Saturday, June 20, 2009

Looking around, still in the shallows

A big, old Conch.  Odd to find him up here in the rocky shallows.  They usually stay out in the big sandy area in twenty to thirty feet depth- seven to ten meters.

A Sand Tilefish.  They are usually out in the sand, and on the slope.  They dig burrows, and 'dive' into them when you approach.

Another conch wandering around.  You can just barely see his snout, probiscus, that he shuffles around looking for tasty detritus to munch.  My taste buds are a little different.

And yet another.  I guess they got together and decided they didn't like something about being out in the sand.

A Squirrelfish keeping a close eye on me, as the Blue Tang cruises by..

See ya, Tang!  Poor old Mr. Squirrel looks so miserable, but it's just how his bones are put together.  I've always thought it's unfortunate for fish that the most efficient structure for their mouth for food gathering gives them an unhappy, grouchy expression.  They need a Dolphin's smile.

Almost looks like West Texas, or New Mexico.

Ha, another Squirrelfish, over sand.  He's changed to white to be less visible, but his eyes sort of give him away.  No, I don't want to eat you!

OK, I need to go plant some Bougainvillea vines that I've rooted.  Digging in the dirt, insted of diving, hey?  Thanks for stopping by!


  1. I just found your site yesterday and love it!! You are blessed to live the life you do and thanks for taking us along each day, too!!

  2. I'm happy that I can share a bit of diving with you. I certainly don't take the same sort of photos most underwater photogs do.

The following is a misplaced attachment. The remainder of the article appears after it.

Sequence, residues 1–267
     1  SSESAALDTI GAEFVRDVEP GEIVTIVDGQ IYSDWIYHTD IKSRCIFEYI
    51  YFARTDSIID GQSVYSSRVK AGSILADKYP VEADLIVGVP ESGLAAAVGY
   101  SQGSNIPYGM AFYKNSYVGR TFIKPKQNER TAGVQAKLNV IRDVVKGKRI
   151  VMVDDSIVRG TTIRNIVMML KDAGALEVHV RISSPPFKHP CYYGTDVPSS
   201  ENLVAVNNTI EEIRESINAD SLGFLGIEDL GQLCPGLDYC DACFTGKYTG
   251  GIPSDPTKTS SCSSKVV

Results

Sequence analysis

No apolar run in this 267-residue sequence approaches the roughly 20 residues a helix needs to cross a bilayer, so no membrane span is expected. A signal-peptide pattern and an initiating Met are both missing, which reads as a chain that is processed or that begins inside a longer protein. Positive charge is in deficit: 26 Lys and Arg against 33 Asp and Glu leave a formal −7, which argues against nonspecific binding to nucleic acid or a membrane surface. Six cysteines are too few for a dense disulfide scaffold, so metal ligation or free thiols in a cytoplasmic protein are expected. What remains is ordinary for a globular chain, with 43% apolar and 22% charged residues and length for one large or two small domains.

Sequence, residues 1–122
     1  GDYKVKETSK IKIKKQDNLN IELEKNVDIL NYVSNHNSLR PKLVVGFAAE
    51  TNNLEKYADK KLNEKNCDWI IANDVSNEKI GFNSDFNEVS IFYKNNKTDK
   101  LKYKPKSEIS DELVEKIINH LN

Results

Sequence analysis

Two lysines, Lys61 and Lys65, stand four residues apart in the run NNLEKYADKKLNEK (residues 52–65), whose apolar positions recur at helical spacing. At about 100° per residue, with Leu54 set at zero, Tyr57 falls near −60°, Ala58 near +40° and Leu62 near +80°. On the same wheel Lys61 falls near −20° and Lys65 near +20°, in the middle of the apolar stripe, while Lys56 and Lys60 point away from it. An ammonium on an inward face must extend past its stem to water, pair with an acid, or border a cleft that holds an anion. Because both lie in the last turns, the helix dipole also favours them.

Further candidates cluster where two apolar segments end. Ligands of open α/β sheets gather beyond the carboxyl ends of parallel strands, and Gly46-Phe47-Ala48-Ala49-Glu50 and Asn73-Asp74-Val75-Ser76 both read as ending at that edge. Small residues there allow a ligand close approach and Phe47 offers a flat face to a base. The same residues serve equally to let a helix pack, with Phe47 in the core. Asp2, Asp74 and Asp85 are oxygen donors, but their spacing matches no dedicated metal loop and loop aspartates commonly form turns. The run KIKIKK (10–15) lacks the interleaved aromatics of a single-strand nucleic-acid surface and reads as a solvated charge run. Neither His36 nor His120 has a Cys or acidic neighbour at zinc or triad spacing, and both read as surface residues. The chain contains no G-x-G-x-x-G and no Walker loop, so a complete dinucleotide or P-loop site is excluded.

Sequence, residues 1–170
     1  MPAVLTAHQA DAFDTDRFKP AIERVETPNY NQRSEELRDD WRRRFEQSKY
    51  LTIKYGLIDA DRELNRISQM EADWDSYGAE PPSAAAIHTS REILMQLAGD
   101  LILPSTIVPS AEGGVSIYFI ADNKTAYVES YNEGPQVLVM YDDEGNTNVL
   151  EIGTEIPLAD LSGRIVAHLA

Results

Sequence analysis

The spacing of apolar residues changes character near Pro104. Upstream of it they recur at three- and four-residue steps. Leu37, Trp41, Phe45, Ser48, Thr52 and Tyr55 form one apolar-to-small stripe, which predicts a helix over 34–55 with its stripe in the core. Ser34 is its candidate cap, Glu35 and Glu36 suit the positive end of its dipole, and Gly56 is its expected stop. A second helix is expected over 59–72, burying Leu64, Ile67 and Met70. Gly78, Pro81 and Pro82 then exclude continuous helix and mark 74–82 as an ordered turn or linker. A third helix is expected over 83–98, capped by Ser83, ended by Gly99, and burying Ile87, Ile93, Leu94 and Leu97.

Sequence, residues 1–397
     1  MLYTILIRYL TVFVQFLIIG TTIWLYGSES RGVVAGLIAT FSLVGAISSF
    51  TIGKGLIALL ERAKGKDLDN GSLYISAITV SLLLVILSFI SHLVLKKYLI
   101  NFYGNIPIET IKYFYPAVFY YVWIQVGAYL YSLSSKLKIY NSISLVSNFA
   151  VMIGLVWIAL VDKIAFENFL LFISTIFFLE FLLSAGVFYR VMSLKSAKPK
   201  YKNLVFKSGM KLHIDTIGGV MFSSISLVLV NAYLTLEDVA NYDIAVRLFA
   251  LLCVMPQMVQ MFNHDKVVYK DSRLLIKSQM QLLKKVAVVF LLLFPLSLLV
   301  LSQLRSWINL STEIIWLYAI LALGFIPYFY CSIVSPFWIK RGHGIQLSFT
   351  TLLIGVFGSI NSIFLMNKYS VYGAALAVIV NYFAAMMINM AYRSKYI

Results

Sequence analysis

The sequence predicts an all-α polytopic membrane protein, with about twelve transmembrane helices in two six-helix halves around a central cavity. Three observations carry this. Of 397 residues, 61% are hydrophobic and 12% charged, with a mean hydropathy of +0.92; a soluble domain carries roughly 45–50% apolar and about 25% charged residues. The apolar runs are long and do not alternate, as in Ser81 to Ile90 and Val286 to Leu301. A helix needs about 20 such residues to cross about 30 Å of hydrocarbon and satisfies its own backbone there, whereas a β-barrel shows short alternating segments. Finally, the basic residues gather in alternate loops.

And I live in a state of gratitude. I know that I am blessed.

    Thank you for your kind words.

  3. Melissa, how long can you stay underwater with the oxygen tanks? Obviously I've never scuba dived, so I have another stupid question.

    How deep can a person go (who can hold his breath for about a minute) without the oxygen tanks?

  4. There are no stupid questions, OK? You breathe air using tanks, scuba, just plain air like you're breathing right now.

    The length of a dive depends on depth, in general. You use up your supply of air more quickly the deeper you go. Also, there are limits imposed by the increasing pressure the deeper you go. I won't go into detail about that here.

    The recreational, safe limits are about fifty feet depth for fifty minutes. The deepest you can safely go is 130 feet, but you can stay only about seven? minutes.

    If you stay in twenty feet of depth, you can use up your whole tank of air-- the longest dive I've done was 214 minutes, in twenty feet and shallower.

    It's called 'free diving' when you just go, breath holding, no scuba tanks. Umm, you might not believe me, but the World record free dive record for a man is something like 214 meters, 702 feet, and a woman 160 meters, 524 feet. Obviously these folks are a little different than you and me!

    Swimming along and diving down to look at things is called snorkeling. I'm not very good at free diving, I pretty much stay on the surface when I'm snorkelling.

    There are schools for free diving that guarantee 100 feet by the end of a week's training. That's really deep! Most snorkelers just go to twenty feet or so.

    Scuba diving is safe, but you must have training, there's a lot to learn. It's not difficult at all in warm tropical places like the Caribbean.